Dexter is Delicious: Kind of a review

I have finally reached the fifth installment in the Dexter Series. Last week my wife showed my a gif on Tumblr. In this rotating gif a man was dragging himself from his living room sofa with his legs laying behind him like a wounded seal. The man’s face was a twisted canvas of satisfaction and pain, is that possible? Beneath the picture was the caption: What it looks like when your favorite show airs its episode finale. Jeff Lindsay, I have entered Dexter Morgan’s dark, delightful, devious, demented, decadent domain. In it I saw images of blood moon inspired heroics. Yes… heroics. Dexter is a living and breathing almagamation of my frustration and anger in a society where justice is the simple execution of time and who has the best connections. In Dexter is Delicious, this is the problem and in this narrative I actually found myself questioning the realisim in the characerization of the villains. While I questioned, I still wanted Dexter, who I have finally come to the conclusion that he is not as intelligent as I thought he was, to be okay. In Dexter is Delicious he is not okay.

There is a point in a man’s life where he decides to be more than he ever thought he could. In the Dexter television series, there is a confused Dexter who doesn’t really ever grasp his humanity. On the edge of his growth is the lingering feeling that Dexter just doesn’t get it. In the novels he his acutely aware of his frailty and lack of depth as a person. This understanding gives Dexter, the character in the novel, an attractiveness that brings me to him. I know his frustration and in identifying with a serial killer with a conscience, there is a bit of irony there. Dexter however is at a crossroads in this fifth text and Jeff Lindsay uses childbirth as the factor that shapes the conflict. While Dexter does not meet the devil at his crossroads he does intersect with Biney (Brian), his brother once again. Childbirth and family are the foundations on which Dexter is Delicious are built.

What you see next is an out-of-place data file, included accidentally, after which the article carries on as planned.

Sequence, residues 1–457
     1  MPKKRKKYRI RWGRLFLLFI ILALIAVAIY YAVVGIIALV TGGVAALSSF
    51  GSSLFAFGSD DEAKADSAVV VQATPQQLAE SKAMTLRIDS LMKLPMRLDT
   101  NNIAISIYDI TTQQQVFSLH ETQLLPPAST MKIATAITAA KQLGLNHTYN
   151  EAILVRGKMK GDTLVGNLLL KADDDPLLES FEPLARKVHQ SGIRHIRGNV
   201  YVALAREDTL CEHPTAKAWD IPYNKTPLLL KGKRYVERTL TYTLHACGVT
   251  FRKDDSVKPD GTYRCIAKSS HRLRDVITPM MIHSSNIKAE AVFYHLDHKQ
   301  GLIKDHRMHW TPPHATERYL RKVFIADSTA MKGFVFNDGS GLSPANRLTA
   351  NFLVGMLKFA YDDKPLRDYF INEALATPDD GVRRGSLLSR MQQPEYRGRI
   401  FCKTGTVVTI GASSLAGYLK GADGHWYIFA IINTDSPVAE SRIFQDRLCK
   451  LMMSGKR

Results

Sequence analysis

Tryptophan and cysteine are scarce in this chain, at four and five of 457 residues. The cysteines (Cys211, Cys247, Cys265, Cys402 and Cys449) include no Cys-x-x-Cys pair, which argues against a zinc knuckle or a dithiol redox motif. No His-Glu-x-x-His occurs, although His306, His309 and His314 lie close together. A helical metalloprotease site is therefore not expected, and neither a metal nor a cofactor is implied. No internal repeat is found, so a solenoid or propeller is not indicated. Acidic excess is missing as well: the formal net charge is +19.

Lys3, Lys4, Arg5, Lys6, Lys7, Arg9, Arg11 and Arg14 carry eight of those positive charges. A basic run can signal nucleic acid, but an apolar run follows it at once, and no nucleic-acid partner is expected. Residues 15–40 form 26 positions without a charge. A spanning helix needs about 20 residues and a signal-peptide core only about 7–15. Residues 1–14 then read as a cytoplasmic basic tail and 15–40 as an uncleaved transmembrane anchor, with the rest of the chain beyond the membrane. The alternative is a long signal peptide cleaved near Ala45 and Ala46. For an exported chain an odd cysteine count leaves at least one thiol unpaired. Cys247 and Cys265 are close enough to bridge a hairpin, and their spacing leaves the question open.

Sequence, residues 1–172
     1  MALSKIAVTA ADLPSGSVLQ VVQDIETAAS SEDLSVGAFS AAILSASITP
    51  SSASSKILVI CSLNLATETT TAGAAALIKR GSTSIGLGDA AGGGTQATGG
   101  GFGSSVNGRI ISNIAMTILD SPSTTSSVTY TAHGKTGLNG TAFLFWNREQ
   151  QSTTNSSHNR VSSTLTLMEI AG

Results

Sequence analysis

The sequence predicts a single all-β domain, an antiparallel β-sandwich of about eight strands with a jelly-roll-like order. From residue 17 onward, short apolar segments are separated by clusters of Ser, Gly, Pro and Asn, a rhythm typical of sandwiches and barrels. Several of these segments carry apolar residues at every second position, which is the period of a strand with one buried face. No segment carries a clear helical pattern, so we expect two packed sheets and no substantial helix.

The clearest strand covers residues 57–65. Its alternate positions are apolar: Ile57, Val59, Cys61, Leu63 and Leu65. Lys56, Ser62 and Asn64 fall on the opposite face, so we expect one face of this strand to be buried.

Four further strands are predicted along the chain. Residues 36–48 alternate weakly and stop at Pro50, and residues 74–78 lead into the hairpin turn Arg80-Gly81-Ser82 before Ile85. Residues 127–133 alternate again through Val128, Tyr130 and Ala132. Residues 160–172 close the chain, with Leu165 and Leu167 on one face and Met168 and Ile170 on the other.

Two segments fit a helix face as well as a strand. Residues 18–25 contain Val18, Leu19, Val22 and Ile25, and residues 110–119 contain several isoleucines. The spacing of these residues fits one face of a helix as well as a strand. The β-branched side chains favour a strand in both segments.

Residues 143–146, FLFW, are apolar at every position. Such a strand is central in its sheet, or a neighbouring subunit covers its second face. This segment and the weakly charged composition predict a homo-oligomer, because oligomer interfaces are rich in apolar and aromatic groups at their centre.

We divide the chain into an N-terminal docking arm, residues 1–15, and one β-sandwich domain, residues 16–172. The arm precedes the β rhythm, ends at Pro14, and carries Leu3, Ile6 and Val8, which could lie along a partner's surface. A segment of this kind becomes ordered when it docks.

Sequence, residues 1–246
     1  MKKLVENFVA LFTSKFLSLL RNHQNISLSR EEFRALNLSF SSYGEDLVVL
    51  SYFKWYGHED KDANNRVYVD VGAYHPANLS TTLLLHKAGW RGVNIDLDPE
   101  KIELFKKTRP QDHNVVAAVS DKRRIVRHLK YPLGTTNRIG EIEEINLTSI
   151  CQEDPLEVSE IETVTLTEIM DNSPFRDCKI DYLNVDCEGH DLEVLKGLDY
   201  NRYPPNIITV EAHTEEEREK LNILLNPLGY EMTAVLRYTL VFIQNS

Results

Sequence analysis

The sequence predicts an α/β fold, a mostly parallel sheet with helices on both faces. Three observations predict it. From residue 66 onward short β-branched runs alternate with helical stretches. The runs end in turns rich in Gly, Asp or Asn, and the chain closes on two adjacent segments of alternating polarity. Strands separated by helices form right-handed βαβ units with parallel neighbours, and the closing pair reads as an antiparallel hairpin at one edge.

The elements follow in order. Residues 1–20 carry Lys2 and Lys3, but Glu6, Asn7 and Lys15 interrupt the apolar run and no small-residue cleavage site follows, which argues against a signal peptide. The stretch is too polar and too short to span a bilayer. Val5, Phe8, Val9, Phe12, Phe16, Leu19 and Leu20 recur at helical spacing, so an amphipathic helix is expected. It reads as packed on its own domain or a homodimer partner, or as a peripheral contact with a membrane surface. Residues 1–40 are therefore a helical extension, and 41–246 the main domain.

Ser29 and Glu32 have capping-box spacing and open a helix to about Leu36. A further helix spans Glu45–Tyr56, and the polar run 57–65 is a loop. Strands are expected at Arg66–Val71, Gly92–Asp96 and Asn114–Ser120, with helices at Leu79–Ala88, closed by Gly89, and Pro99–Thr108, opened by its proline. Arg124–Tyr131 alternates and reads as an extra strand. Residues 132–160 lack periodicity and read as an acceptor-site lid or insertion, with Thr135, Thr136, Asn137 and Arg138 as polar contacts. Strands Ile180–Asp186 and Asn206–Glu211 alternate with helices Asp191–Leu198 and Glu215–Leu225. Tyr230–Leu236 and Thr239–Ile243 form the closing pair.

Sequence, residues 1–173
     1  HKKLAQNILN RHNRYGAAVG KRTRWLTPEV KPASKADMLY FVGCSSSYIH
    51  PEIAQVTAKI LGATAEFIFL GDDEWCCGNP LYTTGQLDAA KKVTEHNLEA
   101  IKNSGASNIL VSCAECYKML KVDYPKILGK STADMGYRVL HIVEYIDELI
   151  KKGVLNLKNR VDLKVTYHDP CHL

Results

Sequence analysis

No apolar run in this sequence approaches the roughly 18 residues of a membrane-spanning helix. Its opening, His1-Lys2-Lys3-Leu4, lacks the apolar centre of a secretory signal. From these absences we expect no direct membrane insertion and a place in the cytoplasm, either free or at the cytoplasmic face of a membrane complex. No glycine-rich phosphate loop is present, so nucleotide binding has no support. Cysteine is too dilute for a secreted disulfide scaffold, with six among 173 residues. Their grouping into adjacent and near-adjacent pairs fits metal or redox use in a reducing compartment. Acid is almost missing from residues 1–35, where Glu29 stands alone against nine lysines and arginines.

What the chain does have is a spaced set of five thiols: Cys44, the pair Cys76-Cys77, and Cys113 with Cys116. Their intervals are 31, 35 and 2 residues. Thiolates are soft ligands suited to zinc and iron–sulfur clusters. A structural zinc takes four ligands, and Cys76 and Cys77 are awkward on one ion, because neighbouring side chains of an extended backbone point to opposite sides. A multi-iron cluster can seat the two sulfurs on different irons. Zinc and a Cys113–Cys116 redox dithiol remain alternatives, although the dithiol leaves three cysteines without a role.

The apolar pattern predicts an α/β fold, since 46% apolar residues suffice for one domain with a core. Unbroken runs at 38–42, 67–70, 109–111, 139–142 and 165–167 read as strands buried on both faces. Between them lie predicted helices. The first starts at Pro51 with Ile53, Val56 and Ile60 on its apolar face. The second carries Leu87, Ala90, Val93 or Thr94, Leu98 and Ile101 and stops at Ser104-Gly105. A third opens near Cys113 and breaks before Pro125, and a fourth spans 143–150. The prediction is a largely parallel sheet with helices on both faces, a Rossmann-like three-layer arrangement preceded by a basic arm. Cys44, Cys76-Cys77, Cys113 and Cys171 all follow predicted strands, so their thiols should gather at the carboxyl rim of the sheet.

There are the standard cliche’s included and at one point of the book the plot seems a little unreal considering the desires of the human monsters that are portrayed, but there is the metaphor. The human monsters in this text represent the need for society to consume their young and leave the remains without the skin needed to protect them in a callous world that seriously devalues the importance of youth. The consumation is both literally and physically (This is as close to a spoiler as I get, so you are okay reading this, smiles deviously).
How does one single moment for a man shape his life and the steps he will take? Jeff Lindsay actually makes this story a compelling study of family dynamics. Dexter is Delicious is not as darkly drawn as the other four books and this is okay. Well, actually there are more gruesome deaths in this book than in the last few books so I guess that statement is relative. If the series were to be ended here, I think I would be okay with that. As a matter of fact, I am still inspired and in my free time, I may find my own Bobby Acosta to replace my nightly dance that I’ve shared with Dexter these past few months. Of course I’ll be careful and my slide collection will always be protected where it is hidden, right in plain site.
Until next time Jeff Lindsay…
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